1. emmanuel117 says:

    So that’s why you didn’t want to testify in front of Congress…;)

  2. techy says:

    Thats Hilarious….sound much more like grade 5 white water rafting…after years of smooth sailing.

  3. Al Czervik says:

    There’s a new TV show this season called “Community” (it’s quite funny) , which takes place at a community college. One of the characters is a lawyer who returns to school after being disbarred when it came to light that he had never gone to college.

  4. DL says:

    I’m a Stony Brook grad also.

    But I never finished high school.

    (The same high school, it turns out, that Bernie Madoff graduated from).

  5. Onlooker from Troy says:

    Now that’s a great story! And the great thing about it is that you undoubtedly learned many practical life lessons through all that turmoil that you wouldn’t have learned if things had just gone smoothly. You were enriched by the experience which is what adversity does for us, so much more than having an easy go of it.

  6. danm says:

    I’ve got a similar story. Life can get quite complicated when you get out of the beaten bpath!

  7. ToNYC says:

    It’s all the same. You got the official approval the true genius never needs, but the doomed society requires to perpetuate it’s game plan to produce robots. I got a Ph.D. in a hard science, but would be way more impressed and hire someone who got most of it on their own.

  8. mgee says:

    Stony Brook Class of 2000, Fordham Law Class of 2008. Better late then never Barry.

  9. stevesliva says:

    Sounds easier than the crap women go through to change their name after marriage. (kidding!)

    My amusing academic paperwork story is this:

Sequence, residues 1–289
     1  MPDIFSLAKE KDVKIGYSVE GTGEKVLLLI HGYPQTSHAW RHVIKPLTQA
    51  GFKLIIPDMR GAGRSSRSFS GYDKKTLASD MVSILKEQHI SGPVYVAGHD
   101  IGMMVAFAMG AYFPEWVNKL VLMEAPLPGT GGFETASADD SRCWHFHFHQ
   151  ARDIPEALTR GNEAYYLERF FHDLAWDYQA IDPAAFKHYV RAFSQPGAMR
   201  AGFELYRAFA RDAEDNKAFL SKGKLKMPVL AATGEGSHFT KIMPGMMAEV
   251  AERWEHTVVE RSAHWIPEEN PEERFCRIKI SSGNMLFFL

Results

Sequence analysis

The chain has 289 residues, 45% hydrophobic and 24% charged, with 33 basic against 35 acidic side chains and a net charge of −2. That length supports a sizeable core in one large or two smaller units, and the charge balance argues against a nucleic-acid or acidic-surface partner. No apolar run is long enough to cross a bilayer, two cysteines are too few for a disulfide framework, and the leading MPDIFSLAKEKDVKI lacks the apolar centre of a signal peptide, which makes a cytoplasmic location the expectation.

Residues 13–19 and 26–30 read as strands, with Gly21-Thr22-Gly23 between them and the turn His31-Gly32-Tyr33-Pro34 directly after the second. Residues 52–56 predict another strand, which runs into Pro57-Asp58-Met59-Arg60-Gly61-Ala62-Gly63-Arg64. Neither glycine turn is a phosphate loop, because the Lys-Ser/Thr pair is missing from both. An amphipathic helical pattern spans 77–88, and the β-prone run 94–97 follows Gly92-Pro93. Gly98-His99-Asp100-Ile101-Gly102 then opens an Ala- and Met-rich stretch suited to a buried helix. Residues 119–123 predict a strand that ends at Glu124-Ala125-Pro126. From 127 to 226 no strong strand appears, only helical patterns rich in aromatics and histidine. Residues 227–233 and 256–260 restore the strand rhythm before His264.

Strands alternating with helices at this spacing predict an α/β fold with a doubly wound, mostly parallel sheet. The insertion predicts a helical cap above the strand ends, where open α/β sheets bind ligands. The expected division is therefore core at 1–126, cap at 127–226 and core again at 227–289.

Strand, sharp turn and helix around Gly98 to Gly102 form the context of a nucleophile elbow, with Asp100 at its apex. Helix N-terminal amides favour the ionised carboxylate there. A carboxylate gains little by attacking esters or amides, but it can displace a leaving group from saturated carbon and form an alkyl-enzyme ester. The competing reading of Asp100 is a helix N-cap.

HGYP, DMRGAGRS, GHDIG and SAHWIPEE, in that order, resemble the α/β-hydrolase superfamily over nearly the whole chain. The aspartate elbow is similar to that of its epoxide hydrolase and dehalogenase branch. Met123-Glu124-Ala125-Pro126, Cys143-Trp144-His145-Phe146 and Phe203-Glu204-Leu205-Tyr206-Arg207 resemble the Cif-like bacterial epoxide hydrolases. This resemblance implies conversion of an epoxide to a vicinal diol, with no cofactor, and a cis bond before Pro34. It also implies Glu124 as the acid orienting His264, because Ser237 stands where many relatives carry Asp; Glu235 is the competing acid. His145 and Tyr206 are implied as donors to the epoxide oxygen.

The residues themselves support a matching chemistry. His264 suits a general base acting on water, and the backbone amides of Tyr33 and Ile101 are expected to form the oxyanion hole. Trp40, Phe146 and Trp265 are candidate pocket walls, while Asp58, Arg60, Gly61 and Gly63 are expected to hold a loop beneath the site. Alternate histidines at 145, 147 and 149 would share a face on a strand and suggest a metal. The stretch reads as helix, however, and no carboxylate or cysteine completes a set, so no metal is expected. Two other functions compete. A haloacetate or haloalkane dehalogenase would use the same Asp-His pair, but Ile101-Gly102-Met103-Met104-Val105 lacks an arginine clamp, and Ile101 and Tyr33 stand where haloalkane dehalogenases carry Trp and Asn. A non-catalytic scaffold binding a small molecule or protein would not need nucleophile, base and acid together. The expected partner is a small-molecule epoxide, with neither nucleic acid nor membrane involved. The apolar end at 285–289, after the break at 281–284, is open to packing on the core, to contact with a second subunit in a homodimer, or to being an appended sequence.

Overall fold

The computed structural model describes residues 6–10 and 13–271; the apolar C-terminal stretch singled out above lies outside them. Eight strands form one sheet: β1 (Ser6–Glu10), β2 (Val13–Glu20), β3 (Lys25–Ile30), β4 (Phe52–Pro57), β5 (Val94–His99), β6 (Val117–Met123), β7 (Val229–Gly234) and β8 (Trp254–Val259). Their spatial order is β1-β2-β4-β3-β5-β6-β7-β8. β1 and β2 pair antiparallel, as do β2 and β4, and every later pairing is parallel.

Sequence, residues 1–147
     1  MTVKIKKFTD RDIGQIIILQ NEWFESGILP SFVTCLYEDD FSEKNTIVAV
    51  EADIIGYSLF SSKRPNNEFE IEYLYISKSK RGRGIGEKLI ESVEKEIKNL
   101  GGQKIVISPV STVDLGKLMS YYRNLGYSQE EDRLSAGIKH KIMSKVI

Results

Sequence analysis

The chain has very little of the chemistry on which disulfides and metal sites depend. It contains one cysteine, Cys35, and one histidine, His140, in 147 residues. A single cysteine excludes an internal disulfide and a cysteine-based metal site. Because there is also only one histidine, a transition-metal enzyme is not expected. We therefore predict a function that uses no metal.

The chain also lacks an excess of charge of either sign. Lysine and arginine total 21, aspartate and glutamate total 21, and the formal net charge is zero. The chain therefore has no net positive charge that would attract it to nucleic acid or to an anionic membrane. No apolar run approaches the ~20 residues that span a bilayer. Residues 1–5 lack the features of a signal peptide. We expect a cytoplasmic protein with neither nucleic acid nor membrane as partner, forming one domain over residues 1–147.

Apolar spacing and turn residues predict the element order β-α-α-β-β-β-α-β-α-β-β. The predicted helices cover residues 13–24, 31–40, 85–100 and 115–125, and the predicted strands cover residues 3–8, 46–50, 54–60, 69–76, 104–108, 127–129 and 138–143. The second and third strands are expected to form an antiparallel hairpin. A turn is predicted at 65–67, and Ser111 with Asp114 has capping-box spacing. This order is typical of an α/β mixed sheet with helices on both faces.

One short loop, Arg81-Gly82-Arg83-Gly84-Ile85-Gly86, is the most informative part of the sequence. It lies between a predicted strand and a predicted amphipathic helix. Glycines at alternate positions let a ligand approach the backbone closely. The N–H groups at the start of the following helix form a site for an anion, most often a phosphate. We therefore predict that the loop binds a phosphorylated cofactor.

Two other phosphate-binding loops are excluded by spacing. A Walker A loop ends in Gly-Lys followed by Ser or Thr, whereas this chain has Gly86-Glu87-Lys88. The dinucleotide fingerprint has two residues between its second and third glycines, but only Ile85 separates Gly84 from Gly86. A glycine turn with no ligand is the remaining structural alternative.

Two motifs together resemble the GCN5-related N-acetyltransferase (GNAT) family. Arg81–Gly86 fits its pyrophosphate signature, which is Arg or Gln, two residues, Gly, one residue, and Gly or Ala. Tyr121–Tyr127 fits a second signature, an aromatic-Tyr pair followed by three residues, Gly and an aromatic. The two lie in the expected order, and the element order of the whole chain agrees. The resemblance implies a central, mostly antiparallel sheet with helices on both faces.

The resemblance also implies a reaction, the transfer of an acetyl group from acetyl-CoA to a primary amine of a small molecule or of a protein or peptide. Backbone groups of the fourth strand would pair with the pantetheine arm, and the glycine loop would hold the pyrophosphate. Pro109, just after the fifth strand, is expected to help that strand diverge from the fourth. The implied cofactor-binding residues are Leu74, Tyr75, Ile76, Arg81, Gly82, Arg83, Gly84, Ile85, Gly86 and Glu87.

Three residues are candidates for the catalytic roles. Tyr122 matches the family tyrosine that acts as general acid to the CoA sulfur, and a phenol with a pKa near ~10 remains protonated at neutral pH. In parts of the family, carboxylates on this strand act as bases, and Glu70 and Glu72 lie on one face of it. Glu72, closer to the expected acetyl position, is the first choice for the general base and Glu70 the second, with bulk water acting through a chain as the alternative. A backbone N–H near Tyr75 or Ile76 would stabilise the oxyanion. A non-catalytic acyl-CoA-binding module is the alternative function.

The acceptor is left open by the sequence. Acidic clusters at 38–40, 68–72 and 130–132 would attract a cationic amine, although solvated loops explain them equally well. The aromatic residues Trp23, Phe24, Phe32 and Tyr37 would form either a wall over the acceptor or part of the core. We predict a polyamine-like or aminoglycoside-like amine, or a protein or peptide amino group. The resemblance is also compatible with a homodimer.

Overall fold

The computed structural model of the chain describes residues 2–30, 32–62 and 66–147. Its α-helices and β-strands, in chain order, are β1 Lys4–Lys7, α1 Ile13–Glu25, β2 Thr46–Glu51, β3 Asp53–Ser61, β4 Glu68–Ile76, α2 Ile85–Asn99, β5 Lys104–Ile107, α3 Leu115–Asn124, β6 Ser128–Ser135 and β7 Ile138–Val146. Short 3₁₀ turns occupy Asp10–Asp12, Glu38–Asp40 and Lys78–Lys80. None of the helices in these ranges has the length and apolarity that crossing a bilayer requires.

My school allowed a non-recording option on electives. You could basically elect to have your grade be a “pass” if your grade was below a threshold you picked.

    For an elective my very final semester, I chose ‘B.’ Well, I got a B. And then the math worked out that that B put me 0.01 below the GPA threshold for cum laude. (Yeah, in modern colleges, a B is lower than cum laude… anyways…)

    So I asked the professor if he could kindly LOWER my grade, which would effectively remove the B and raise my GPA. He actually agreed– and was pretty amused– but the request never really made it through to the diploma printers. Oh well.

  10. HCSKnight says:

    “I switched from applied mathematics/physics to poli sci/philosophy”

    As a Physics and Mathematics guy, after ditching Engineering, and whom, by your methods of accounting, also picked up a minor in Philosophy – at a Jesuit school none the less…. I must ask.

    What drove the change?

    ~~~
    BR: To quote Sinatra, “Booze & Broads”

  11. Moss says:

    One can only imagine what your graduation ceremony consisted of. I am sure the rat pack would have been proud. If my parents were not around I would have done the same.

  12. Transor Z says:

    Awesome story. Think how much career success you would have enjoyed if only you had stayed on the straight-and-narrow. ;)

  13. JohnnyM says:

    Despite your many and very real accomplishments, it is a little alarming to see a person who makes his living partly on the strength of words use “matriculation” incorrectly twice in such a short space. The end of the world as we knew it.

    ~~~

    BR: That’s a lesson to you kids out there: Stay in school, and take a grammar course . . .

  14. WaveCatcher says:

    BR, I’m curious whether this story scenario has appeared in any of your nightmare dreams over the years since.

    This story seems like a cool variation on the classic “forgot to drop the class and not prepared for the final exam” theme that so many college grads suffer in their dreams. Even more stressful!

  15. dbowe says:

    Speaking of class f 1984 – check these guys out… http://www.classof1984.co.uk/